• Rum Raisin

These are just some of the flavors you can expect, which will be served by Chef Young himself. Donuts are $3 and under, and you can get them from the takeout area of Zocalo in the Grand Central Dining Concourse from 11:30 AM to 7 PM daily.

Location is at 109 E. 42nd Street.

Escape from New York: Five tips for leaving the city when flights fail you

New York is no stranger to tourist and business travel. We get lot of guests here, and eventually, their trips must come to an end. When the weather turns harsh, this can be problematic. Spring may be close, but March and April snowstorms happen, and there are always spring showers to make getting off the ground at JFK or LaGuardia a pure living hell. Whether you’re traveling in the northeast corridor or need to get to a different airport to get home, there are options.

I came face to face with this problem around six years ago. I was trying to get back to Boston, where I lived at the time. I was in New York every week on business and by Friday wanted nothing more than to get home. I stepped outside at 2 PM and saw snow accumulating on the street, even despite the city traffic. I checked Delta‘s website and saw that nothing had been canceled. So, I high-tailed out to LaGuardia hoping for the best. After a two-hour cab ride, I hit the Marine Air terminal only to find that the website wasn’t being kept up to date.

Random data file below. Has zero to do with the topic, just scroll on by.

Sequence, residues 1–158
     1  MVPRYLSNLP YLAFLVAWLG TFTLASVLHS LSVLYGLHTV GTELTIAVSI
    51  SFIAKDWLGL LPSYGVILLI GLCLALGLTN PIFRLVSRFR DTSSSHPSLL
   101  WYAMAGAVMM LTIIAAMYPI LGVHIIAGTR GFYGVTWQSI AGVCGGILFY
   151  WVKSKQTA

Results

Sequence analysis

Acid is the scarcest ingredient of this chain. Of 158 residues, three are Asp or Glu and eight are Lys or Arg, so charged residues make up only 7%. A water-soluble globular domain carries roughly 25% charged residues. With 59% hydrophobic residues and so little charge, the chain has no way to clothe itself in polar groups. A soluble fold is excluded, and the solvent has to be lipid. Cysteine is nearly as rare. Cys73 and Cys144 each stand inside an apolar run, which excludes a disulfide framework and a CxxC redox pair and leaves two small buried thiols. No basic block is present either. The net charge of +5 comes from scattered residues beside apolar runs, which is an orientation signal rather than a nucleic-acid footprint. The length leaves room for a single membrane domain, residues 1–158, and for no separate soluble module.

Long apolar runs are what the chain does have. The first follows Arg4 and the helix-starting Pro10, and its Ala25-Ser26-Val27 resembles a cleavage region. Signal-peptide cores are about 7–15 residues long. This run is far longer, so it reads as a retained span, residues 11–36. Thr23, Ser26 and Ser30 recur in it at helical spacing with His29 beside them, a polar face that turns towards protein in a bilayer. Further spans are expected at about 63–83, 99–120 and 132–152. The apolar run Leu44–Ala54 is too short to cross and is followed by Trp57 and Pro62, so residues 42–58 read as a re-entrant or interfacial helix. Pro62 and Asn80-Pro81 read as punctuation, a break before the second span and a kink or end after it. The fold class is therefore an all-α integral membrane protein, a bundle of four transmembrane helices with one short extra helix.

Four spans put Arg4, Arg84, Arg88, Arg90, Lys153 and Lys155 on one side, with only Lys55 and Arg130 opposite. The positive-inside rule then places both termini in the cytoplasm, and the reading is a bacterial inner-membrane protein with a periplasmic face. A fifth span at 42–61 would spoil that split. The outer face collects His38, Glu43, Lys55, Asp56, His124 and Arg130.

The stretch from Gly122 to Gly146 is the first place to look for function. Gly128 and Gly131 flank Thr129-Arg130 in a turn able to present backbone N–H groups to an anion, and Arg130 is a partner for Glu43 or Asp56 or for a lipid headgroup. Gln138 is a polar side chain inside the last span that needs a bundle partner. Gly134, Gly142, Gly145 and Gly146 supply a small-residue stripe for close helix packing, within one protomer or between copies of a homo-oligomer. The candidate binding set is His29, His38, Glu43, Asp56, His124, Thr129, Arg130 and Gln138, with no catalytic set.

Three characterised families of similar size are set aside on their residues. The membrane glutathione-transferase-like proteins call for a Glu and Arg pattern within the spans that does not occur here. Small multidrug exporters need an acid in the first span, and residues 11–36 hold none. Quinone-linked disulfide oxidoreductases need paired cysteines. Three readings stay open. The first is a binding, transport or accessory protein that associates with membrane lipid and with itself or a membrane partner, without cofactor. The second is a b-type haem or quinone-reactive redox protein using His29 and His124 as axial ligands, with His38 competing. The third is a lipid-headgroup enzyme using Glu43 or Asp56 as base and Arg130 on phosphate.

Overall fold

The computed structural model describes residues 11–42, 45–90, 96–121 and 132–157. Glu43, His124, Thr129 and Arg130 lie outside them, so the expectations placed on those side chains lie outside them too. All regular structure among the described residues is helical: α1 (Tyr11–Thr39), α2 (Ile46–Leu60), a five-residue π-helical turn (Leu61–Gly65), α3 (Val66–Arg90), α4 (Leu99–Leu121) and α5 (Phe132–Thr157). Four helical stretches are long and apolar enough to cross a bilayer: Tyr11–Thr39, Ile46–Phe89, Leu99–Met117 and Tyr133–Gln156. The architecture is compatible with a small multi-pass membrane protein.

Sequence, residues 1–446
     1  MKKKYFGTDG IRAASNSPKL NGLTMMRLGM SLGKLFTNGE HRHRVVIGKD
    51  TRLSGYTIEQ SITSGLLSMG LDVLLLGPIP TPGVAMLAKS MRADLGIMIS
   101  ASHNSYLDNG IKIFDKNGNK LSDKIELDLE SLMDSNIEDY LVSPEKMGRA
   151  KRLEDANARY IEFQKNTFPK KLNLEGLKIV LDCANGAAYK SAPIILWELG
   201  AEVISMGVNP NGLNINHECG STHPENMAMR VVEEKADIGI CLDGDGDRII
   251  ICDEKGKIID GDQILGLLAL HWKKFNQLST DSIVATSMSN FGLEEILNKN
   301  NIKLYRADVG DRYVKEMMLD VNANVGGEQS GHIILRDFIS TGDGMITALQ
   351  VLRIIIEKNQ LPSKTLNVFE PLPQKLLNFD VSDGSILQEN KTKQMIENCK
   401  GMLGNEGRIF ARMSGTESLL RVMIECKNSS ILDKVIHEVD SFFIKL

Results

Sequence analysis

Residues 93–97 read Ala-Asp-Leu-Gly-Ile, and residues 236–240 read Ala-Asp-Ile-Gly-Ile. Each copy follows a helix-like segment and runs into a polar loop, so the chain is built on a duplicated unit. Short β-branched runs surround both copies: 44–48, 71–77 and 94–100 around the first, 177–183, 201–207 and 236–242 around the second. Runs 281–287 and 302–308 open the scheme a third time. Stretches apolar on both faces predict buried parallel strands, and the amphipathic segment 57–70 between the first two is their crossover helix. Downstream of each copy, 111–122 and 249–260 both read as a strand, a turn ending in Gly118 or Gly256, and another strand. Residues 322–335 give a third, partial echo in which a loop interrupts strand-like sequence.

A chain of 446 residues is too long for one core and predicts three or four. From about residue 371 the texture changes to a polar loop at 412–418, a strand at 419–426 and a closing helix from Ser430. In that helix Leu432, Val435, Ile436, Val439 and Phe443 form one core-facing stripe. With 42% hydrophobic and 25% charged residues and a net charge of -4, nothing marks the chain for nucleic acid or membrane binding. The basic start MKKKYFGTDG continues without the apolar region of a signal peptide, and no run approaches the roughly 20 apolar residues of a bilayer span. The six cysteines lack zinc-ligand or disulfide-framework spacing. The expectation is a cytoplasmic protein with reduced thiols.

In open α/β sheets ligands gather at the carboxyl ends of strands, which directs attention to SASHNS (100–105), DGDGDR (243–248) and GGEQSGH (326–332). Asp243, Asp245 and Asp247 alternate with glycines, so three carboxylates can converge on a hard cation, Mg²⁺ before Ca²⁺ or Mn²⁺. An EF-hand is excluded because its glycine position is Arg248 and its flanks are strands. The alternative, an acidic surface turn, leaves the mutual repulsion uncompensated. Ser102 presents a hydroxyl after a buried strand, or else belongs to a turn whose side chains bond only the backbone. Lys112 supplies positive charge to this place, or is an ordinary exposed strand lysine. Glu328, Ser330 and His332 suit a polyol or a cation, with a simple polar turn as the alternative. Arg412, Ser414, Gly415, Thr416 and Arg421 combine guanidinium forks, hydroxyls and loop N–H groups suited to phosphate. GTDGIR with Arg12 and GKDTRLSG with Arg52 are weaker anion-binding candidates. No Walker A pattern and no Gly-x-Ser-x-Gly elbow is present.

I needed some options and the thought of another two hours of taxi rides in a blizzard didn’t thrill me. Back in Manhattan, I figured I could pick up a train on Amtrak from Penn Station (which wound up working out). Along the way, I learned some tricks that can help anyone traveling the northeast or looking for an alternative airport when hope appears to be lost.1. Don’t fear public transportation